Microsoft Research has re-imagined the Web browser to include its own operating system. In a technical report published on February 19, researchers argued that a radical change in browser architecture is necessary, because Web sites have evolved from static documents into dynamic Web applications that draw content from multiple sources.
Their proposed solution is a browser, code-named Gazelle, that is designed with a multi-principal operating system at its core. The researchers explained that Gazelle would be more secure than traditional Web browsers, because its OS would manage the protection of system resources and better isolate Windows from the Web.
“Our prototype implementation and evaluation experience indicates that it is realistic to turn an existing browser into a multi-principal OS that yields significantly stronger security and robustness with acceptable performance and backward compatibility,” the researchers wrote.
Gazelle blazes a path that no modern browser has followed, including Internet Explore 8 and Google Chrome, they added. However, it might not be entirely necessary to go back to the drawing board: Microsoft has managed to make the current incarnation of Internet Explorer safer over the years by taking measures sucvh as restricting what system resources the browser may access and limiting application privileges through User Account Control in Windows Vista. It is also attempting to create a new standard to isolate Web content for greater security.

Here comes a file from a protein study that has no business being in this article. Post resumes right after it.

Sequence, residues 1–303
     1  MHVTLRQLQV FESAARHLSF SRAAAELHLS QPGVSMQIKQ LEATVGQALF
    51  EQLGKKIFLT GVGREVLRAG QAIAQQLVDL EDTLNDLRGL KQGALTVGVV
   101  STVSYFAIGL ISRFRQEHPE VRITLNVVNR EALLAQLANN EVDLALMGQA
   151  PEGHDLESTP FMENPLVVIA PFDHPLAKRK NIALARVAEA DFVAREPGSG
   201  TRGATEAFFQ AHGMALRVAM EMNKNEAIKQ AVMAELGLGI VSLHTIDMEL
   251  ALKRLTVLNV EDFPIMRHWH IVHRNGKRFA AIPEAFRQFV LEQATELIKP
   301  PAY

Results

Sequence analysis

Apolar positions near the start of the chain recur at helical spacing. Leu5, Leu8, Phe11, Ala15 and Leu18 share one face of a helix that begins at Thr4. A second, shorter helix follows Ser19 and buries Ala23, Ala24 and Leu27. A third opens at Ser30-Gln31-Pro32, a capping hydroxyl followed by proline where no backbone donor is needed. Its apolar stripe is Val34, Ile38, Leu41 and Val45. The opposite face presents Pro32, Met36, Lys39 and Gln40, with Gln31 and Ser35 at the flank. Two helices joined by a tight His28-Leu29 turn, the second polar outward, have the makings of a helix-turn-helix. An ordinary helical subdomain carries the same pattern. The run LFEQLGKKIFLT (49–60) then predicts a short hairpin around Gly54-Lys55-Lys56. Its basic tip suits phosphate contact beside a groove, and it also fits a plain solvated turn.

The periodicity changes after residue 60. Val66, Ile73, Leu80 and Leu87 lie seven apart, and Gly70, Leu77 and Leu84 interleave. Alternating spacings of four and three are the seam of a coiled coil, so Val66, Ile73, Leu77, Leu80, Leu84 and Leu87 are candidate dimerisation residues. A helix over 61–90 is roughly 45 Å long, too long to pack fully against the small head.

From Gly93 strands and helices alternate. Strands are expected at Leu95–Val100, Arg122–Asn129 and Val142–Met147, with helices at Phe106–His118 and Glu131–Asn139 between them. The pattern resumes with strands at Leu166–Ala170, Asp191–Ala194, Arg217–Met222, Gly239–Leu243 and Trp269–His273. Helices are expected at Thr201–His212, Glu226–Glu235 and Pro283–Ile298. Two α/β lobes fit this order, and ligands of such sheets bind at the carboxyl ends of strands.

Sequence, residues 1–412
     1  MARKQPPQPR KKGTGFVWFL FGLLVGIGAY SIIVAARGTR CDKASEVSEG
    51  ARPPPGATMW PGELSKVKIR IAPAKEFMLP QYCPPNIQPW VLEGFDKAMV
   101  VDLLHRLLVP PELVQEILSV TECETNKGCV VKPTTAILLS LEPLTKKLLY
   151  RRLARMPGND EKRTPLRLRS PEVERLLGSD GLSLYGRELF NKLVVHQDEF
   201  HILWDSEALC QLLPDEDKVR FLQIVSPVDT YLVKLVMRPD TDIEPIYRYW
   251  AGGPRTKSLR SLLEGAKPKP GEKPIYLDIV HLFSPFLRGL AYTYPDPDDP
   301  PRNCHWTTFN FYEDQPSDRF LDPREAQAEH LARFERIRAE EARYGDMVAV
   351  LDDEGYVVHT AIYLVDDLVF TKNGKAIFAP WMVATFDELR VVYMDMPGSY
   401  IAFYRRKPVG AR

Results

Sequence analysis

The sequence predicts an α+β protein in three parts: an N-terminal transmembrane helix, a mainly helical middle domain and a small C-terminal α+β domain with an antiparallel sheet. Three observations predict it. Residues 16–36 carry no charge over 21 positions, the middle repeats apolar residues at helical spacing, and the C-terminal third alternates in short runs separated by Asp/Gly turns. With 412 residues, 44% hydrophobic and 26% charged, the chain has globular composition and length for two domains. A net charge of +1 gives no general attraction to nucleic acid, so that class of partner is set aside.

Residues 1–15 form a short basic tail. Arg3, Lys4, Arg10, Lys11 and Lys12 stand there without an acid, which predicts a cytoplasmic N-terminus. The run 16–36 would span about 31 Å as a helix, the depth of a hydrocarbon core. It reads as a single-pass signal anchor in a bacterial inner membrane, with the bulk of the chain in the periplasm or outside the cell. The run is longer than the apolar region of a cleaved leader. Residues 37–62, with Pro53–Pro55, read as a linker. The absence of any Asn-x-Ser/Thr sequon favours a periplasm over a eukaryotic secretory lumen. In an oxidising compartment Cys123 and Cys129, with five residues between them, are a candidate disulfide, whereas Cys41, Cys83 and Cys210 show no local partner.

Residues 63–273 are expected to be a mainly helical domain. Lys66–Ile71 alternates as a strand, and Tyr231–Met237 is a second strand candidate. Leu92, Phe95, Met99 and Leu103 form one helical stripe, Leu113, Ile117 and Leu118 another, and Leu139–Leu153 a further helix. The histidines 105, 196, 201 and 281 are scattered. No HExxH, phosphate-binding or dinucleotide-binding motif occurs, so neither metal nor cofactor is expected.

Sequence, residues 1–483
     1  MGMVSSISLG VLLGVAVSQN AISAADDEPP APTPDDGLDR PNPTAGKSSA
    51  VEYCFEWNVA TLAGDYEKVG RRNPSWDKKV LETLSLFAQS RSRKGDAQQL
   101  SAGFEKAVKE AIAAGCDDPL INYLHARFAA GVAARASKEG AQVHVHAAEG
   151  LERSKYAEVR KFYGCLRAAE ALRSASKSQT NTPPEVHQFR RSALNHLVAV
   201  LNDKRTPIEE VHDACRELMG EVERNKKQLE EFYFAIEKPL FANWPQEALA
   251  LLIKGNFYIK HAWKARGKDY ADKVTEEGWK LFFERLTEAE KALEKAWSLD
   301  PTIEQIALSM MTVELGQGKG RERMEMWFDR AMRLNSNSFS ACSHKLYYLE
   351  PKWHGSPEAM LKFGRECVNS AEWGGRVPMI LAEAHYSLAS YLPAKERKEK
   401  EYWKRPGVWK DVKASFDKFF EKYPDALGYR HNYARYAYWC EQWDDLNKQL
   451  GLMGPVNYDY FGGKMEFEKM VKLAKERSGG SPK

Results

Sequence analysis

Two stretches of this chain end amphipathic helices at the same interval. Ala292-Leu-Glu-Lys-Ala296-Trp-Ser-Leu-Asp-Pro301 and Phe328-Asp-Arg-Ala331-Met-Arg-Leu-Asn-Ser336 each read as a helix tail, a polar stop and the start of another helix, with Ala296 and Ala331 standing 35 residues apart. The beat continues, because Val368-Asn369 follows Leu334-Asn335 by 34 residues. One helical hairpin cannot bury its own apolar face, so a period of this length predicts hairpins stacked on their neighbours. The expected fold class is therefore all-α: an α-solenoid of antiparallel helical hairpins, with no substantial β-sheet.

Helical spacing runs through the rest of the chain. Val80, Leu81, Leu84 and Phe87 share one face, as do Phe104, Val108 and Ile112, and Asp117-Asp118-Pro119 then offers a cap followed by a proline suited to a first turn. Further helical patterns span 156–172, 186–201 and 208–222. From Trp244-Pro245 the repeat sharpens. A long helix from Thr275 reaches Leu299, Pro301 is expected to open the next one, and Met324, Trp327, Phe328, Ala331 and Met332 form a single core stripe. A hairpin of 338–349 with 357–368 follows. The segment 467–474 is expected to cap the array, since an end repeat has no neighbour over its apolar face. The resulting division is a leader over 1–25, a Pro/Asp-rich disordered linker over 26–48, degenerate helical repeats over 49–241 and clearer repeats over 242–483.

Ultimately, the Gazelle project does not necessarily mean that Microsoft is coming up with a replacement for Internet Explorer; Microsoft research projects do not always become products. Nonetheless, some industry watchers, including Mary Jo Foley, believe that the company may give Gazelle greater exposure at its TechFest ‘09 research fair this week.
(Gazelle photo by Erik A. Drablos from Wikipedia.)